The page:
Essential Road Trip Tips

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Back to tips-advice Published 4 months ago Written By Odometer Team
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So, you’re about to spend a couple hours, or more behind the steering wheel?

We’re about to make your drive a whole lot less miserable.

Technology Is Your Friend

If your vehicle doesn’t have a built-in navigation system, you have a few options available to you at various price points. You can purchase a third-party navigation system from well-known manufacturers such as TomTom and Garmin that come preloaded with the maps you’ll need. These third-party navigation systems nearly always come with window and/or dashboard mounts and charging cables that fit into your car’s cigarette lighter or USB port. Before you begin your journey, take ten minutes to familiarize yourself with the features and functionality of the GPS. Pre-program your destination and customize settings, such as the distance in miles of the verbal alert for your next step. If you’re a nervous nelly and you like a lot of prior warning, increasing the distance of the verbal alert from one mile to two miles will relieve a lot of your stress.

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GPS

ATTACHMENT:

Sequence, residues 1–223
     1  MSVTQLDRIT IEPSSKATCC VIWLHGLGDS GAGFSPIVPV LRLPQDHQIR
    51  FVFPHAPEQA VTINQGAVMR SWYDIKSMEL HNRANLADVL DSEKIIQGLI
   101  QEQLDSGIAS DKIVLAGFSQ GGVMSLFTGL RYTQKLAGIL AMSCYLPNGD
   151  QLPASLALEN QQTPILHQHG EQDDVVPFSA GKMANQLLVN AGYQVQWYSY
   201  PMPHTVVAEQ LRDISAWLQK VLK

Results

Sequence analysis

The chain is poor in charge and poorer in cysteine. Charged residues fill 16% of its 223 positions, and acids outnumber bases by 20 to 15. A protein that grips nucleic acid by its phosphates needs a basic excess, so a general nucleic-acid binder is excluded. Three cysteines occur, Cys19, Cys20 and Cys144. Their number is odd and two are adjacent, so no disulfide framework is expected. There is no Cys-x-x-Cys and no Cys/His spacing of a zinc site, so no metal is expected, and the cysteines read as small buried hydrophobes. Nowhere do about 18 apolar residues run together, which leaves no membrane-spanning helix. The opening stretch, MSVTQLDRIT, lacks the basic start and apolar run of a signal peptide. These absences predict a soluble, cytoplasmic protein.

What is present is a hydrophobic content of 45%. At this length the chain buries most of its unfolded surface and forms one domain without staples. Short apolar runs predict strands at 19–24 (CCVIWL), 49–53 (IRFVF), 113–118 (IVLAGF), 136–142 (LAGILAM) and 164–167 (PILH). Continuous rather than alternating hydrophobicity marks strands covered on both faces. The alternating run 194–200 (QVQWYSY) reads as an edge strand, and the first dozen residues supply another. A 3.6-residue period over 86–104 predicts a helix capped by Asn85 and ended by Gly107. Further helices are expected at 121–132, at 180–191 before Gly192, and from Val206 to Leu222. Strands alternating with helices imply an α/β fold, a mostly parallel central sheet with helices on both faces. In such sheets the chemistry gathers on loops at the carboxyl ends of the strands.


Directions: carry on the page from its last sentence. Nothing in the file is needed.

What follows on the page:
If the price of a third-party navigation system is unsettling, your smartphone provides a lot of the same functionality. Apps such as Google Maps, Waze and Apple Maps will handily direct you to your destination.

If the price of a third-party navigation system is unsettling, your smartphone provides a lot of the same functionality. Apps such as Google Maps, Waze and Apple Maps will handily direct you to your destination; however, please be aware of a few limitations of relying on your smartphone on a long road trip. Your smartphone map apps typically require a data connection. Not only is this expensive, but if you’re driving through strange and far-away places, you might not always have access to mobile data, and your map will display a whole lot of nothing as you enter data dead zones. With Google Maps you can download the maps for offline use. Do take the time to download the map along your route before you leave home in case you lose access to mobile data. Unless your car stereo has an auxiliary input or built-in Bluetooth, your smartphone will be rather quiet compared to a third-party navigation system or built-in navigation system. You won’t be able to play music over the radio and hear the smartphone calling out instructions.